Consumer Reactions To Unobserved Changes in Price Schedules
Economic theory presumes that individuals respond to true marginal prices when de- ciding on the amount of goods and services they buy and many other economic decisions. However, learning about these marginal prices is often costly in terms of search time, cog- nitive effort or monetary outlays. This is likely to be true of price changes in subscription plans. Consumers may therefore opt to be satisfied with only an approximate knowledge of the relevant marginal prices. This paper presents an experiment that studies repeated consumer purchase and price information updating and acquisition decisions when param- eters of the price schedule are serially correlated but unknown. Subjects have an option to acquire the pricing information at a cost, or otherwise just update their beliefs based on the observation of the total cost of purchase. We find the following: (1) conditional on information acquisition decisions, the model of Bayesian updating provides a good approx- imation for revealed mean beliefs about the per-unit price held by subjects who appear to understand the experiment and/or report their expected cost of purchase accurately; it is not a good approximation for other subjects; (2) the demand for information decreases with the cost of information, as expected; (3) controlling for Bayesian beliefs and cost of information, the demand for information does not vary with the length of the remaining time horizon in which the information can be used, contrary to the theoretical prediction; (4) large positive surprises in the cost of purchase in the most recent period increase infor- mation demand, whereas negative surprises decrease it, relative to the no-surprise baseline, which is contrary to the theoretical prediction.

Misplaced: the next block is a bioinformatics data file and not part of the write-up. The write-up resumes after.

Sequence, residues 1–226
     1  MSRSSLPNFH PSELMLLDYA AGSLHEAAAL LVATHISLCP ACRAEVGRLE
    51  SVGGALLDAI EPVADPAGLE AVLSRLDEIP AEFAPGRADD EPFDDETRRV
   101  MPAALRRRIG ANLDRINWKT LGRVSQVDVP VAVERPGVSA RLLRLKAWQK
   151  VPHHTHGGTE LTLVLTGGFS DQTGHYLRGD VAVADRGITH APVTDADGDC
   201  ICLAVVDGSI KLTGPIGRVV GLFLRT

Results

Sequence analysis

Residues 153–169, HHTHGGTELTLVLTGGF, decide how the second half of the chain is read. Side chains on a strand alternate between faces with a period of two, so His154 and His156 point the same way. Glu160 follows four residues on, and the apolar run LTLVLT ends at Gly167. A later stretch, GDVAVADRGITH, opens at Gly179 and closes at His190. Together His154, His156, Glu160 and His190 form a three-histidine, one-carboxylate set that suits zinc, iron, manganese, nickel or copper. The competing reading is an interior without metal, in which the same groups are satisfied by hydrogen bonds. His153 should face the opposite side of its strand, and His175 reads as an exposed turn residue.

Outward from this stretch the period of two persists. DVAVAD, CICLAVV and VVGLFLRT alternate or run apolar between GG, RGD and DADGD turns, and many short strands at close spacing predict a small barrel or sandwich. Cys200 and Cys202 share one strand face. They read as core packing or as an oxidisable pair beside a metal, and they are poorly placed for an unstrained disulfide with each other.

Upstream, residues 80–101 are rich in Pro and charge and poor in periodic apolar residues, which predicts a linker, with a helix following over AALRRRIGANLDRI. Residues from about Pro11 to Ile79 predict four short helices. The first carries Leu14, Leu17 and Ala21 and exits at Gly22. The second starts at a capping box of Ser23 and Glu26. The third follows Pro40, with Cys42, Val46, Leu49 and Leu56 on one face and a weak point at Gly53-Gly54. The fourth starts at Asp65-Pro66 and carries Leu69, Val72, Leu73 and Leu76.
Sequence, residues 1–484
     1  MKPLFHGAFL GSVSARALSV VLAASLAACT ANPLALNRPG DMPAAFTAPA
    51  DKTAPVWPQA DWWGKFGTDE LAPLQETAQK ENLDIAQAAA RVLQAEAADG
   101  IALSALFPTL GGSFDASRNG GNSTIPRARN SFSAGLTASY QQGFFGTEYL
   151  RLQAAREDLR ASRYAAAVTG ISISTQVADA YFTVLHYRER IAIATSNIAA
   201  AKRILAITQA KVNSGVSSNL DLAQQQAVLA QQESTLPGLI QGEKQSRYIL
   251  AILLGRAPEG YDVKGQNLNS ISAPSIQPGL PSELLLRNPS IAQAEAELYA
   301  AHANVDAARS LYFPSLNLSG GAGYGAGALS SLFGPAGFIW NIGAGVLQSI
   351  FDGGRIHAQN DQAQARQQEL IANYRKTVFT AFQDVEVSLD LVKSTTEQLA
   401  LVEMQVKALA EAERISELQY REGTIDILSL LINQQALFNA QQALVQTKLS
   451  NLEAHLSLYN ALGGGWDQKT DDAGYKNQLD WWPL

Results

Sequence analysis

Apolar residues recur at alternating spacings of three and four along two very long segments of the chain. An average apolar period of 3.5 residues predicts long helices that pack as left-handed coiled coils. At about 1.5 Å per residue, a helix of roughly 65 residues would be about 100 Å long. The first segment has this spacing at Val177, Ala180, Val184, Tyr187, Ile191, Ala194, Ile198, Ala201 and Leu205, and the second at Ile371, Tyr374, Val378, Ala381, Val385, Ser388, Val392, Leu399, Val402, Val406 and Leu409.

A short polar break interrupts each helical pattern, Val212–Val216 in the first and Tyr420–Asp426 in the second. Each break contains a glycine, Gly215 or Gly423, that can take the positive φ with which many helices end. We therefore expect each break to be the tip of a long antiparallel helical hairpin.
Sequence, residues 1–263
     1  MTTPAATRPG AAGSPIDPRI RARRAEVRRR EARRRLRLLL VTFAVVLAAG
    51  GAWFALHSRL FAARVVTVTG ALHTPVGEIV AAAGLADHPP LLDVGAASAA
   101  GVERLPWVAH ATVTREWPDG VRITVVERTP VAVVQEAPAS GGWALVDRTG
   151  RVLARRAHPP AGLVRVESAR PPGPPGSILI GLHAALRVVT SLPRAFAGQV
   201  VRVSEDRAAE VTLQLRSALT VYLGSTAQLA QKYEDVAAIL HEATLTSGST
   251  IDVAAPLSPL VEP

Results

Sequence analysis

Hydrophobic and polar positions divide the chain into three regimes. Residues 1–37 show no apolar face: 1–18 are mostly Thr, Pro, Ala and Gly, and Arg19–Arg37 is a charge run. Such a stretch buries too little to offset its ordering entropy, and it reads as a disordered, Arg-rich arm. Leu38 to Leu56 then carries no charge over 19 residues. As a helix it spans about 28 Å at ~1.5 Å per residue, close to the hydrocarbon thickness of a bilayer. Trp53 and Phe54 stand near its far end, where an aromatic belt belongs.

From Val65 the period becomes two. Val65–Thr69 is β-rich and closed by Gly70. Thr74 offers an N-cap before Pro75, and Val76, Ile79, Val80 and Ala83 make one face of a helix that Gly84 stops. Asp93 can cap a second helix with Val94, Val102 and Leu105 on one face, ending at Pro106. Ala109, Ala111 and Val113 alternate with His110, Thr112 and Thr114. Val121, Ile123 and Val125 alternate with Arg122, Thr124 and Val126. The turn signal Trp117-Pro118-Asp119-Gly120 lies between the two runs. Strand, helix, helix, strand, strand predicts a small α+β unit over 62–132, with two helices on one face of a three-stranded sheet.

|Date of creation:||Feb 2011|
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- de Bartolome, Charles A. M., 1995.
"Which tax rate do people use: Average or marginal?,"
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- de Bartolome, Charles A.M., 1991. "Which Tax Rate Do People Use: Average or Marginal?," Working Papers 91-49, C.V. Starr Center for Applied Economics, New York University.
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